Tuesday, November 20, 2012

Bad Brad "Trash Talkin' Lolita"

Alabama Music Office.com goes to Rogue Tavern in downtown Birmingham, Alabama for a performance by Bad Brad & The Sipsey Slims. This is a band of professionals that is making a name for themselves one gig at a time. These guys are where Southern music is today.

For 20 years, Brad Guin has covered every pig trail in the U.S. and abroad as a burning sideman and studio musician, playing with such acts as Bobby Blue Bland, B.B. King, Greg Allman, The Temptations, The Four Tops, The O'Jays, Clarence Carter, Little Milton, Percy Sledge, Eddie Floyd, Johnny Taylor, Tony Joe White, Bobby Whitlock, T. Graham Brown, Martha and the Vandellas, Travis Wammack, Rick Carter and the League of Legendary Artists, Cornell Dupree, Dennis Edwards, Jim Nabors, Freddy Hart, Jason Isbell and the 400 Unit, Bonnie Bramlett, as well as many all-star special events bands such as The Alabama Music Hall of Fame Induction Band, The Muscle Shoals Soul Revue. He has played with hundreds of bands at every possible level and in every scenario. His experience as a player is vast, and his education has come from the great legends of the music industry.

Brad has played some of the most illustrious venues in the world: Austin City Limits, The Apollo Theatre, all the Blue Note Clubs in Japan, the star-studded opening of Euro Disney as well as more major festivals than you can shake a stick at, plus the finest theaters and amphitheatres that each major city has to offer. That was as a saxophone player.

To say the very least, he is a seasoned pro. As well as being a ringer musician, he is also a songwriter who considers that to be as much of who he is as his ability as a player.

"It's as much of who I am, if not more," says Brad. "I love telling stories.

In Brad's Words:

I always wanted to cut a record of original material, but I had envisioned a far more instrumental endeavor for one reason. I did not know I could sing. I had know idea. I only started experiencing it after being around Bobby Whitlock, keyboard for Derek & The Dominoes. We would be hanging out drinking coffee, he would sing, and it would come from his toenails. It was awesome. And it was nothing like his speaking voice. I would get in the car after hanging with him and try to do it. It took several years of "doing it" before I would even attempt it in front of anyone.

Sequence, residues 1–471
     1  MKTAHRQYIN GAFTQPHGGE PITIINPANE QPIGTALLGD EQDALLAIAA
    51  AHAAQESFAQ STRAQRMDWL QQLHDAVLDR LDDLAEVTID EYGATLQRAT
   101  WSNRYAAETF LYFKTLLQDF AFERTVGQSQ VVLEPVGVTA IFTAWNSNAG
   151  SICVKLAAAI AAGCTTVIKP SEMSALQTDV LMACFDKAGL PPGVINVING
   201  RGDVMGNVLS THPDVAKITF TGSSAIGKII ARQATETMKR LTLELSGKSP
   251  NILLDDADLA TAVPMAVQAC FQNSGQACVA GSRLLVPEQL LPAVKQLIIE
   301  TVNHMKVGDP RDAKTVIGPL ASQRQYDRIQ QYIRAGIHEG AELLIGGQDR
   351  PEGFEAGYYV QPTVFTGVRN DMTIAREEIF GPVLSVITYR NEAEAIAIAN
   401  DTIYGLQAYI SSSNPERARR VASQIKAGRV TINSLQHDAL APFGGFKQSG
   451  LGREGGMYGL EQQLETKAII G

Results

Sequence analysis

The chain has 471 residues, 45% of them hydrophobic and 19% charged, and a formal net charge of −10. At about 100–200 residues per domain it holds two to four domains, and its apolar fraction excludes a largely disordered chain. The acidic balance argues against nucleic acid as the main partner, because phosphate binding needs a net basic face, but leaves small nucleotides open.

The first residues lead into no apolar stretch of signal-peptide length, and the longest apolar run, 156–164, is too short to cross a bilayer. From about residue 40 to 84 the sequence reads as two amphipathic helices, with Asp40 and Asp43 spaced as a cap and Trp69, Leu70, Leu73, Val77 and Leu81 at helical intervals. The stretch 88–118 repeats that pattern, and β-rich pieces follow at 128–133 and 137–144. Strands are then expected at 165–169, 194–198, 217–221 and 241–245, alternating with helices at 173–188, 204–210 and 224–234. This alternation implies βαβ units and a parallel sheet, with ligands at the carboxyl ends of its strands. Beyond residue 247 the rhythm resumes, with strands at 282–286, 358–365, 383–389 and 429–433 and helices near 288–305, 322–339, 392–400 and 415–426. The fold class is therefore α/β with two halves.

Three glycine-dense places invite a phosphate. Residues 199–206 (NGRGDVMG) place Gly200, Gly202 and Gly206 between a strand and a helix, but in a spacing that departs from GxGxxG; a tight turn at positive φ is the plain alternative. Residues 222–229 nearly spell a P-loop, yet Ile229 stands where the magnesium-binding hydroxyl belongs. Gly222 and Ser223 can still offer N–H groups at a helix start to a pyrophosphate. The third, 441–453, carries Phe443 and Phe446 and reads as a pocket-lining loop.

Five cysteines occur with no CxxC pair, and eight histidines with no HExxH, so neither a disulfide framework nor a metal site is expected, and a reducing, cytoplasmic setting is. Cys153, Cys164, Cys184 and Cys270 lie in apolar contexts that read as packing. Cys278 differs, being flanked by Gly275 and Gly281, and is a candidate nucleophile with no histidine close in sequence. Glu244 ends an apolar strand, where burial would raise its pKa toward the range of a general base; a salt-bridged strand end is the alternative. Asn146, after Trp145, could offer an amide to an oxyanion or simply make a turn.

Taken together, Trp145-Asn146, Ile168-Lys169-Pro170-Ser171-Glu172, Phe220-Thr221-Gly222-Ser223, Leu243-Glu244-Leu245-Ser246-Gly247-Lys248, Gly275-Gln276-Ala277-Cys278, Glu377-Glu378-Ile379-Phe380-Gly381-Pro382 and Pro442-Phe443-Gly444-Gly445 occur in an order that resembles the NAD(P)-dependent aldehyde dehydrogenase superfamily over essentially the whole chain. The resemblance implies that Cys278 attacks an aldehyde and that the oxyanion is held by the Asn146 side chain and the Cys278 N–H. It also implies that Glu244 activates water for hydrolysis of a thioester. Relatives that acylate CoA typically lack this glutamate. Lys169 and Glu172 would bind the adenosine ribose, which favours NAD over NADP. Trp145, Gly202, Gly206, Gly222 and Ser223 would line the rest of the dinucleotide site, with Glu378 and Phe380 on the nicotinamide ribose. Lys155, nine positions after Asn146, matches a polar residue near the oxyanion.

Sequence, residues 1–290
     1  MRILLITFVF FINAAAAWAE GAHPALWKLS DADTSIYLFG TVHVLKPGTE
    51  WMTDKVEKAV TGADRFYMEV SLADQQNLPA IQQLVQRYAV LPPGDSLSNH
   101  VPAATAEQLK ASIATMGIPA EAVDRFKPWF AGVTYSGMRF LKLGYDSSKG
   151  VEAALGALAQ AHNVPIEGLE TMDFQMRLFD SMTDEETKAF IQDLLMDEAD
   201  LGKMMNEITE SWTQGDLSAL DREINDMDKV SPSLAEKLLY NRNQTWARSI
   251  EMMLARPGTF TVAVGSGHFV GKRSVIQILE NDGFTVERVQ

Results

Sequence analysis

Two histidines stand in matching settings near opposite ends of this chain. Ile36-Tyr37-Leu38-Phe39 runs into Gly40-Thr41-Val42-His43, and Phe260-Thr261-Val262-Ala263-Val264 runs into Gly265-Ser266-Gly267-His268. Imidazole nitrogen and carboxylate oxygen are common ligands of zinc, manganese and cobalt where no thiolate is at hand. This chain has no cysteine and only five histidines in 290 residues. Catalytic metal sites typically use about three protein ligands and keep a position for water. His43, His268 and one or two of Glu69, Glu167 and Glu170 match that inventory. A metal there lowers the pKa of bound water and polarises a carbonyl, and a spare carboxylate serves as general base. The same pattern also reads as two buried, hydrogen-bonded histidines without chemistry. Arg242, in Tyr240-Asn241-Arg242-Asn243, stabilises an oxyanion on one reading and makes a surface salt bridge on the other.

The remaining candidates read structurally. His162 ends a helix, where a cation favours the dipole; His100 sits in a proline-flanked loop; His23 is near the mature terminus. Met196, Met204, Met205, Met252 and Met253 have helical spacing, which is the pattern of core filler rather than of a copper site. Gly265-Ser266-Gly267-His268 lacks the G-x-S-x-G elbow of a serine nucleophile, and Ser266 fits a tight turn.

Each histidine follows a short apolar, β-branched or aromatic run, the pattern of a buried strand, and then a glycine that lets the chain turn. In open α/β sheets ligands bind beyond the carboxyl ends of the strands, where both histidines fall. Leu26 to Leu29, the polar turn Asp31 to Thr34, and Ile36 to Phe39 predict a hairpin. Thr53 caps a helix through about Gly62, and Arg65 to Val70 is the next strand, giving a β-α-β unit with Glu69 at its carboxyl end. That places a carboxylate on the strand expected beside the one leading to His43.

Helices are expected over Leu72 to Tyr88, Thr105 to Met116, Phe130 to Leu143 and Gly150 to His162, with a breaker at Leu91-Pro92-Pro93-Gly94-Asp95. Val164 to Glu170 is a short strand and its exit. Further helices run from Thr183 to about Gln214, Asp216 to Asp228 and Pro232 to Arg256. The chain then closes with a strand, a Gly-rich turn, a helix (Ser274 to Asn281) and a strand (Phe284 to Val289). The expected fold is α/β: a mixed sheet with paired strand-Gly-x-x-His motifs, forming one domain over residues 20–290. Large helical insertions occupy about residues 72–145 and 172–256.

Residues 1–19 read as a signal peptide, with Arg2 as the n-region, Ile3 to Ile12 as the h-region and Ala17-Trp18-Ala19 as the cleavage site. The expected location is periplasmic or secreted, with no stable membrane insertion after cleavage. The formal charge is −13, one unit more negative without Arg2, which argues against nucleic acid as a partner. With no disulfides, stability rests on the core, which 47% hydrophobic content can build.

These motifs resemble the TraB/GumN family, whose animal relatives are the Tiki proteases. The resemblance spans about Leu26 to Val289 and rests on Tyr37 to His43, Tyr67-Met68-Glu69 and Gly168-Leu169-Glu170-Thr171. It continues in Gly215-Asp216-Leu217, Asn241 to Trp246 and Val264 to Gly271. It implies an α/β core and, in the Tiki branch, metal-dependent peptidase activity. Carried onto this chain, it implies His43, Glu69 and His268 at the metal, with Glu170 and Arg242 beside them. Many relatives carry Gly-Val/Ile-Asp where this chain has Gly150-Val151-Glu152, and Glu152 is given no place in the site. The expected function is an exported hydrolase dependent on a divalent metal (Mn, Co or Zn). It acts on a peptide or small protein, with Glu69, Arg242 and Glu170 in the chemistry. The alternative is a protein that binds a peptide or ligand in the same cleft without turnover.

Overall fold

I had all these songs written, and nothing to do with them. I finally wanted to try my hand at producing. I called all my most bad-to-the-bone friends to do a session in the Shoals: Buster Marbury (Grammy award-winning producer and drummer for The Temptations, who flew in from Detroit), Jason Isbell, Ken Waters, Jimbo Hart of the 400 Unit, Greg Lowery, Scott Boyer III, Shane Porter, Chris Gordon, Chad Fisher and Dan Western. I traded a Fender Rhodes piano to my friend Jimmy Nutt for three days in his new Sheffield, Alabama studio, The Nutt House.

Buster Marbury heard me fooling aroung singing. He said, "You need to do that, man. You got something."

Buster passed away from cancer a short time later, but he put a seed in my head, otherwise I doubt I would have even attempted it. The whole voice thing would have never happened without Bobby Whitlock or Buster Marbury. I was so shy and secretive about developing it that my own wife and child had no idea. Nobody knew it, and it was literally many years after my time with Bobby and Buster that I hooked up with the guys in the Slims to cut the record that anyone knew about my singing.

When I cut the vocals, it shocked everyone that knows me, and it has been a wonderful experience arguing with everyone that knows me that it really is me singing on the album. It's Jim Nabors syndrome, because I am country as a turnip green, and I sing like an old black man. That comes from years of passionately listening to Stax, Muscle Shoals, High Records, Motown, Ray Charles, the Philadelphia stuff, the Macon, Georgia stuff and piles of New Orleans music. I can't sing white unless it's country-oriented.

At which point my bluegrass roots and old gospel roots come out, as well as my love of Ray Stevens and Jerry Reed. I grew up so very country on the edge of the Sipsey Swamp. Across the cotton field from my house, bluegrass raged every weekend at least one night if not two, and sometimes all day long. So, my influences are a culmination of all things southern.

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